That said, this code only tackles one like button. Imagine if we were to handle comments, replies, etc.

That’s when frameworks come to the rescue.

The component architecture

Angular and React, like most front-end frameworks, tackle this issue by creating isolated components. Instead of having to control a full web page with a wide DOM, we’d rather manipulate smaller boxes with limited input and output, right?

That’s a component. Think of a function that has a few parameters input, and has the capacity to output, well, the HTML that will be displayed on the page.

A Components

Back to our former example, we could isolate different parts of our app like so:

1. Like Counter

Hence the Like Counter can render by simply having the nbLikes parameter:

  nbLikes ---> |LIKECOUNTER| ---> <span class="nb-likes"></span>

2. Like Button

The Like Button is a little trickier: it needs the isLiked parameter, but also to know what to do onClick:

  isLiked ---> |            |      <button class="btn-like">Like</button> // if isLiked == false
  onClick ---> | LIKEBUTTON | ---> <button class="btn-like" class="active">Liked</button> // if isLiked == true

3. Current Track

Since it is possible to compose components together, the Current Track component would describe as so:

  nbLikes ------> |              | ---> <div class="current-track">
  isLiked ------> | CURRENTTRACK |        <LIKEBUTTON isLiked onClick>
  onClick ------> |              |        <h1>Track Title - Track Artist</h1>
  currentTrack -> |______________|        <LIKECOUNTER nbLikes>

You got it, right?

In a schema, the whole decomposition would be:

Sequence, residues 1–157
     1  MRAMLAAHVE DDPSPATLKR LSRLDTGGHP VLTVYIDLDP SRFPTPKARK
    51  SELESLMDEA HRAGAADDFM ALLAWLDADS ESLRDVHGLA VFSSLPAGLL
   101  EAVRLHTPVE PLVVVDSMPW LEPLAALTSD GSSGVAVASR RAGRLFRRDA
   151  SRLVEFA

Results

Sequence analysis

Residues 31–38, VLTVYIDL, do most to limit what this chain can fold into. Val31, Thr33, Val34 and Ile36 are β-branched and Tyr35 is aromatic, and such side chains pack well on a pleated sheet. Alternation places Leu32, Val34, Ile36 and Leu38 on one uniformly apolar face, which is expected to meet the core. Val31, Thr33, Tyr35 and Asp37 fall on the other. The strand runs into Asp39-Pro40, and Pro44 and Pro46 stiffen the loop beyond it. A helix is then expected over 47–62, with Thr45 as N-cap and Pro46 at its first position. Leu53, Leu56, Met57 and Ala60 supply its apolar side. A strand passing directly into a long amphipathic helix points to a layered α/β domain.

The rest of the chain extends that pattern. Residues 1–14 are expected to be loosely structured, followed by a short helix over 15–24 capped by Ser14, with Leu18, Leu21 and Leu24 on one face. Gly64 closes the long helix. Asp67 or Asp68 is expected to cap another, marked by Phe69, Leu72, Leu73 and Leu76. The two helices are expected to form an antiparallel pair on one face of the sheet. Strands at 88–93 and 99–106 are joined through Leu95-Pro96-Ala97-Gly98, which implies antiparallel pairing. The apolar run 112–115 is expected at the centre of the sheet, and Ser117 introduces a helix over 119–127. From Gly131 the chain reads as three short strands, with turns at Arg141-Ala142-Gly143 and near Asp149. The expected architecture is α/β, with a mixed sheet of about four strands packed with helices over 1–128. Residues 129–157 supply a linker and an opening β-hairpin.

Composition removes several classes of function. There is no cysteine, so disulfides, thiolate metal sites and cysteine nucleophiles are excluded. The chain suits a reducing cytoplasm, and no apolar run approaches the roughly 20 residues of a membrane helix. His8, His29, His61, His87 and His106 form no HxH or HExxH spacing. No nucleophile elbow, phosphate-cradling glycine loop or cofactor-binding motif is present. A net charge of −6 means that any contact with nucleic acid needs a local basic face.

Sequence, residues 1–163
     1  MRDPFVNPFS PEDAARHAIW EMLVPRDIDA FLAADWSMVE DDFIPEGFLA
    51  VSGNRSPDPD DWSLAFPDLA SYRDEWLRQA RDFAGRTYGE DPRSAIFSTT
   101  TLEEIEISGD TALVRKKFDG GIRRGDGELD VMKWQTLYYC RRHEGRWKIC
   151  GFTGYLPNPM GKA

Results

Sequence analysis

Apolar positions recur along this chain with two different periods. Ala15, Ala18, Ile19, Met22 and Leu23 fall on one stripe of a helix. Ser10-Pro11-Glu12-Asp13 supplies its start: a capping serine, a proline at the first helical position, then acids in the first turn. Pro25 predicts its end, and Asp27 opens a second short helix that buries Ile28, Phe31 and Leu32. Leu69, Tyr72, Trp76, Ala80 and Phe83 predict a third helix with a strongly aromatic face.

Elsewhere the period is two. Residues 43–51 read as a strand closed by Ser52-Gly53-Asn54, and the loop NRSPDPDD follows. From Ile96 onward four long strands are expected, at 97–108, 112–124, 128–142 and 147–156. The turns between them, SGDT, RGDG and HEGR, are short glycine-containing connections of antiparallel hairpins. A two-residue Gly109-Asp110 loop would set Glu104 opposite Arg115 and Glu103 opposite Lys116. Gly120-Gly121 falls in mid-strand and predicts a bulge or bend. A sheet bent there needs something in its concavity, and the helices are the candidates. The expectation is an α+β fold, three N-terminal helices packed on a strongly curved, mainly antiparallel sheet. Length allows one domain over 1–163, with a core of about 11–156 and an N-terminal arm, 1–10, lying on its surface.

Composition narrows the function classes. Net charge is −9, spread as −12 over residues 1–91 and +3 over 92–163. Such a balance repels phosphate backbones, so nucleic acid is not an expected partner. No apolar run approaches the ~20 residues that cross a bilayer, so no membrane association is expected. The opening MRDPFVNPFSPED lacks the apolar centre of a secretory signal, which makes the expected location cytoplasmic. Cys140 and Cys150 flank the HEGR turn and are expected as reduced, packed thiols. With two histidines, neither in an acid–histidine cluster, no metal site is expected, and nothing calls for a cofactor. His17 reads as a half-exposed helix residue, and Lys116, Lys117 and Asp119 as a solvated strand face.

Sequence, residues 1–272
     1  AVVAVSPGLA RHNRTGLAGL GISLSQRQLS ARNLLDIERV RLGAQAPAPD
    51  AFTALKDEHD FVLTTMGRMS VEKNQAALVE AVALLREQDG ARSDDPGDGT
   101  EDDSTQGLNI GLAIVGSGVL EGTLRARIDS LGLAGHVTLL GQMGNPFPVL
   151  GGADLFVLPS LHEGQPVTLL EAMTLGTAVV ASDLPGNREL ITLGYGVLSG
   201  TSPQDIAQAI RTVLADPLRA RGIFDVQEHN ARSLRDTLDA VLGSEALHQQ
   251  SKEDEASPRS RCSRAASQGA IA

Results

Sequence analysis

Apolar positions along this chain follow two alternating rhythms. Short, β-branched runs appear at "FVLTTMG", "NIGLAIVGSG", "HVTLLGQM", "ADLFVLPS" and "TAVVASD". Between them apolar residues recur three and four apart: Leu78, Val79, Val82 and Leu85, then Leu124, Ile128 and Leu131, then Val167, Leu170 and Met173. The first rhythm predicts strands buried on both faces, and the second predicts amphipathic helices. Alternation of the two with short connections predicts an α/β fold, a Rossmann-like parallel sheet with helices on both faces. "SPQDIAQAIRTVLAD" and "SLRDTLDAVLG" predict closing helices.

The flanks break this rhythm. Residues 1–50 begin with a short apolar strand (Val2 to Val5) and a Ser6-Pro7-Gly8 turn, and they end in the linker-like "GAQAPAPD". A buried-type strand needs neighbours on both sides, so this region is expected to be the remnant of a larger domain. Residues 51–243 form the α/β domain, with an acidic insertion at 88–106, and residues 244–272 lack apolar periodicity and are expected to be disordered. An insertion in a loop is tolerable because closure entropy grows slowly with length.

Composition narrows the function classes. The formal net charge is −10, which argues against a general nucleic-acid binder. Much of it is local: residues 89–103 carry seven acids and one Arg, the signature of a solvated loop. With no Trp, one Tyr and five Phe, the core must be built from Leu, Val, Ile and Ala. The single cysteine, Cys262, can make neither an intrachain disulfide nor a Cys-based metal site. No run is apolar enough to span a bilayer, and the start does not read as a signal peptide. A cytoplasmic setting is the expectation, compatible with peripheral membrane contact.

Components Web Page

This component-oriented architecture is common to Angular and React.

So what’s the difference between the two frameworks? Answer:

The difference lies in how the data flows among the components.

The Angular double data-binding

Angular is famous for having the double way data-binding. If it is changed in a component, it will tell the other connected components. On a schema, here are the different channels of communication for the data:

The Angular Way of flowing the Data

Here’s how things go when the user clicks the Like Button:

  1. If the LIKEBUTTON component is clicked, it is the component itself that is in charge of talking to the server, and receiving the result: {isLiked: true, nbLikes: 1}
  2. Once received, the LIKEBUTTON will tell CURRENTTRACK about the change.
  3. CURRENTTRACK will dispatch to LIKECOUNTER and the BRAIN
  4. The BRAIN will tell the TRACKLIST
  5. The TRACKLIST will inform the concerned TRACK
  6. The TRACK will inform the COUNTER
  7. It is only when every component received the value that the component are re-rendered and the UI is updated.

On a schema:

The Angular Way of flowing the Data in the example

The React + Flux architecture:

This time, we have a different architecture based on something you may have heard of along with React: Flux. The idea of Flux is that the whole business logic and data should lie in the Brain, then the components only access the data in a read-only mode.

So here’s what happens when the user clicks the like button:

  1. When the button is clicked, it has been wired to call a method in the BRAIN, called likeButtonClicked